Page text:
HomeNewsJesuit, Divine Word priests plead not guilty of 'conspiracy to commit sedition'

Jesuit, Divine Word priests plead not guilty of ‘conspiracy to commit sedition’

Fathers Alberto Alejo, SJ, and Flaviano Villanueva, SVD, maintain that the charges levelled against them by the government were "made up"

A Filipino Jesuit priest and a Society of Divine Word missionary pleaded not guilty to charges of “conspiracy to commit sedition” before a Manila court on Thursday, October 22.

Jesuit priest Alberto Alejo and Father Flaviano Villanueva, SVD, maintained that the charges levelled against them by the government were “made up.”

The priests appeared before the Metropolitan Trial Court of Quezon City in the Philippine capital after the police and government prosecutors accused them and several other individuals of sedition in 2019.

“We know that these charges are made up by the government, so we pleaded not guilty and we will continue our pursuit of truth and justice, and our duty to God to fight for the oppressed,” said Father Villanueva.

Among those originally accused were the country’s vice president, Maria Leonor Robredo, several opposition politicians, and four bishops who are known for their criticism of the government’s “war on drugs.”

In February, prosecutors dropped the charges against Archbishop Socrates Villegas, Bishop Pablo Virgilio David, Bishop Honesto Ongtioco, and Bishop Teodoro Bacani, retired prelate of Novaliches.

The Justice department said there was no evidence supporting police claims that the bishops intended to commit seditious acts.

- Newsletter -

Charges against Father Robert Reyes and La Salle Brother Armin Luistro were also dismissed.

Father Alberto Alejo, SJ, walks to a courtroom in Manila to plead not guilty to charges of “conspiracy to commit sedition” on October 22. (Photo by Jire Carreon)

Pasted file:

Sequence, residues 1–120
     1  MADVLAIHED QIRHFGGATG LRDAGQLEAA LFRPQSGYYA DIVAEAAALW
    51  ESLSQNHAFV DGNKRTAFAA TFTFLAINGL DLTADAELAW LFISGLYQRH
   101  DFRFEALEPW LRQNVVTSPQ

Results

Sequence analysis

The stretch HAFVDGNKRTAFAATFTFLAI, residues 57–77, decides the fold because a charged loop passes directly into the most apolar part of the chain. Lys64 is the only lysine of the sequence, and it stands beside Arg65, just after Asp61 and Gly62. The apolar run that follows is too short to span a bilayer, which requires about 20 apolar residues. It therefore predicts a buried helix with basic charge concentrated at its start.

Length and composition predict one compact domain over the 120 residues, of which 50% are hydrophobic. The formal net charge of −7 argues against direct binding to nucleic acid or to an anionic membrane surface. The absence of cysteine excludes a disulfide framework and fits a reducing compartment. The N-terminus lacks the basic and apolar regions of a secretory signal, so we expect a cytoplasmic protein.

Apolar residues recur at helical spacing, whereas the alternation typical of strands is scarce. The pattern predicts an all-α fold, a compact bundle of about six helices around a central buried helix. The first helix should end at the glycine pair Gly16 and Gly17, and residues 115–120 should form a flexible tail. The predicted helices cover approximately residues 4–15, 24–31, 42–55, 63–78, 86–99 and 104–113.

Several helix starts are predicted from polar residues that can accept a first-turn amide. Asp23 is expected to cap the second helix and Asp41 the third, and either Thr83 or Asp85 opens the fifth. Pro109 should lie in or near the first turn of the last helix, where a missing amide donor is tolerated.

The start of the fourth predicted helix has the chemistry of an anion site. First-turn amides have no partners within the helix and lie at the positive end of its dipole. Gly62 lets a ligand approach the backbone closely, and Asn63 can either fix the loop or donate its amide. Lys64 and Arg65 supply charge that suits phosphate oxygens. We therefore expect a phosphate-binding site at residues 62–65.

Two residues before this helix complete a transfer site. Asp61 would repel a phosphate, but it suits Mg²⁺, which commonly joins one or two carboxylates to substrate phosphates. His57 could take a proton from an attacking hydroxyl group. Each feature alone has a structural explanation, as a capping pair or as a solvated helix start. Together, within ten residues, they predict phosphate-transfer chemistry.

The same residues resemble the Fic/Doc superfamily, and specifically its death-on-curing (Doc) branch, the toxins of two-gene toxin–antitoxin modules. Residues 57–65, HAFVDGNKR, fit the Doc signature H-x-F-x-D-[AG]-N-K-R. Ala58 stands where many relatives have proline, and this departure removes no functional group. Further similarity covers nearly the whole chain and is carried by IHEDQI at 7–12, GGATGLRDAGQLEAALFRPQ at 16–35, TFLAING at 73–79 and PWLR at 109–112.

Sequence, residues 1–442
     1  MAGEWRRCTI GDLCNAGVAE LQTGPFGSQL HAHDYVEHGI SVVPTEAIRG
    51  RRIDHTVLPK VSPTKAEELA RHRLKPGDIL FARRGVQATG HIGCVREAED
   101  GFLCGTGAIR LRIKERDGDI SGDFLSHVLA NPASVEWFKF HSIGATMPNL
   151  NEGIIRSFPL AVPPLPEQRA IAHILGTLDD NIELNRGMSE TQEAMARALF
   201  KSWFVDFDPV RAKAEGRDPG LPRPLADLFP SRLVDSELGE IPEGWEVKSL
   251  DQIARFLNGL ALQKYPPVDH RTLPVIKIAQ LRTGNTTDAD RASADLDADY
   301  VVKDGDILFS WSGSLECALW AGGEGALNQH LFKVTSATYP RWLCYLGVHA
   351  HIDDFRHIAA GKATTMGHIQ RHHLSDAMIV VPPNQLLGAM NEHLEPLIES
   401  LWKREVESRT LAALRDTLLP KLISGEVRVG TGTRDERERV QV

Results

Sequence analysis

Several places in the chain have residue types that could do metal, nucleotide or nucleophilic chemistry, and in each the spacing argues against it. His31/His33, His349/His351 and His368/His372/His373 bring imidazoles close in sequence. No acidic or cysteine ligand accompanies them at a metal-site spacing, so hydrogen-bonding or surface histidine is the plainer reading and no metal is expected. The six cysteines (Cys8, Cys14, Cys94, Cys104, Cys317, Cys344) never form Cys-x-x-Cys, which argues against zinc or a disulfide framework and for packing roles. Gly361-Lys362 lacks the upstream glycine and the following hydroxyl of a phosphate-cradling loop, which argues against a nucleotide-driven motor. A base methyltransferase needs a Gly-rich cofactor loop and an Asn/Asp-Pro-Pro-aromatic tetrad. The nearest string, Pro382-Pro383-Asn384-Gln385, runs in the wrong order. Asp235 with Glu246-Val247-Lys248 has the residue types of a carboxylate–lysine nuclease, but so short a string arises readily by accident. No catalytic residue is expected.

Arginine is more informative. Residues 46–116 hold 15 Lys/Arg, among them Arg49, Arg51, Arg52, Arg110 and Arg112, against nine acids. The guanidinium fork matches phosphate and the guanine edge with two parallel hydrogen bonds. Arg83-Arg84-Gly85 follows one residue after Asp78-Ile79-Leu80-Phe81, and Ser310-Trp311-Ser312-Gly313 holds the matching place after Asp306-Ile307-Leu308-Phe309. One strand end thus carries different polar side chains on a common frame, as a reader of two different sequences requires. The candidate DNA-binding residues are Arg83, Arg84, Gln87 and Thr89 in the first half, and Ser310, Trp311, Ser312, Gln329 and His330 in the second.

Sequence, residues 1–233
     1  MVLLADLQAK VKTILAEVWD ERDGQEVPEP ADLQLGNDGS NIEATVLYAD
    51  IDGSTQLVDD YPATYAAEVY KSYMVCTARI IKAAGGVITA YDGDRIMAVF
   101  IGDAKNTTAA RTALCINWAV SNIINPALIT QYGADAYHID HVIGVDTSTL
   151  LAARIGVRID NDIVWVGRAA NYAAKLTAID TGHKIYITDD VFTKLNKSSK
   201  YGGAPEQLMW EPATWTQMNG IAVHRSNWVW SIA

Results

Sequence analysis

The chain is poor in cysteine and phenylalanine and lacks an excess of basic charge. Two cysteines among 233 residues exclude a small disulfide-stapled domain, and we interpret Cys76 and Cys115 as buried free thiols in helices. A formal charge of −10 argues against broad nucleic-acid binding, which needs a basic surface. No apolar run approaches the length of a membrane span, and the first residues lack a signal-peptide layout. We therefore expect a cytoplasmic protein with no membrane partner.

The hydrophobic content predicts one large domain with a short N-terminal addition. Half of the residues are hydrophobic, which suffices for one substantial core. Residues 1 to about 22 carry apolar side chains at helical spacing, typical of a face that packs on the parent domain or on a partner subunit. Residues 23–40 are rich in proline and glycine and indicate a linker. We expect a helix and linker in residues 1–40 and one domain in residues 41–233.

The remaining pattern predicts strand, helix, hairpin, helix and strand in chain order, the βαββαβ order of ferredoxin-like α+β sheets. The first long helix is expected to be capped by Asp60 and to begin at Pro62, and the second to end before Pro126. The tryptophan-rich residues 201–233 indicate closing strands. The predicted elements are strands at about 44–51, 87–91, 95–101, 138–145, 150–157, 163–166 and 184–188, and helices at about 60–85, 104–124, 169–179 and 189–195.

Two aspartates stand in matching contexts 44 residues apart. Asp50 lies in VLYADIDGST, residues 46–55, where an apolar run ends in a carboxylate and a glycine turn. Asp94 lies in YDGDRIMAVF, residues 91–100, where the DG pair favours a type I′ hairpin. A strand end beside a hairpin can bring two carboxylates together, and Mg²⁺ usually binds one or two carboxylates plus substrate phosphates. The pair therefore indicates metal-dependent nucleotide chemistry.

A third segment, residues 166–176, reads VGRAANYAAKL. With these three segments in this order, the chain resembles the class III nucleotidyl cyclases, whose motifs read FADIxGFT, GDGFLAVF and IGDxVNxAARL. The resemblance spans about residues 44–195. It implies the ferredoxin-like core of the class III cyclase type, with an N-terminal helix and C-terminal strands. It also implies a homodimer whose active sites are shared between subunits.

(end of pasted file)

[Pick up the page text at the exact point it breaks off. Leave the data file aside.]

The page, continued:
The charges were, however, filed in court against Fathers Alejo and Villanueva and nine others for their alleged involvement in an alleged plot to oust President Rodrigo Duterte.

The charges stem from the release of a video that went viral on several social platforms media last year linking Duterte and his family to the illegal drug trade.

A person called Peter Joemel Advincula claimed on the video and during a media briefing that Duterte’s son, Paolo Duterte, and presidential aide-turned senator Bong Go were involved in drug syndicates.

Weeks later, however, Advincula was presented by police to the media when he claimed the opposition and several church people were behind an alleged plot to oust the president.

Advincula said the bishops and the priests were part of a “shadow group” behind a plot against the president.

Fathers Alejo and Villanueva were accused of “wilfully, unlawfully and feloniously” entering into a deal “to rise publicly and tumultuously, and to employ force, intimidation and other means outside of legal methods” against Duterte.

Father Flaviano Villanueva, SVD, walks to a courtroom in Manila to plead not guilty to charges of “conspiracy to commit sedition” on October 22. (Photo by Jire Carreon)

They were released on bail in February.

In an interview outside the courtroom, Father Villanueva told LiCAS.news that he felt nothing but the “calmness that you feel when you tell the truth.”

“I’m relaxed, because we’re lucky we were represented by lawyers, we’re alive, while others do not even reach this stage and are just killed,” said Father Alejo.

“We will stand by the truth that we were wrongly-charged,” said the Jesuit priest. “Let’s search for the truth, and when we do, let’s face it and not play dumb,” he added.

Father Alejo called on the “wives, children, parents, and especially those who are frequent churchgoers” who know that their relatives are involved in the spate of drug-related killings in the country “to reveal the truth.”

“We rely on the courts, but we know that not all truths are being presented here. I’m calling those who know something, let us correct this situation,” said the priest.

Pre-trial hearings of the case against the priests and their co-accused have been set starting February 2021.

Marielle Lucenio and Vincent Go contributed to this report.

© Copyright LiCAS.news. All rights reserved. Republication of this article without express permission from LiCAS.news is strictly prohibited. For republication rights, please contact us at: [email protected]

Support LiCAS.news

We work tirelessly each day to tell the stories of those living on the fringe of society in Asia and how the Church in all its forms - be it lay, religious or priests - carries out its mission to support those in need, the neglected and the voiceless.
We need your help to continue our work each day. Make a difference and donate today.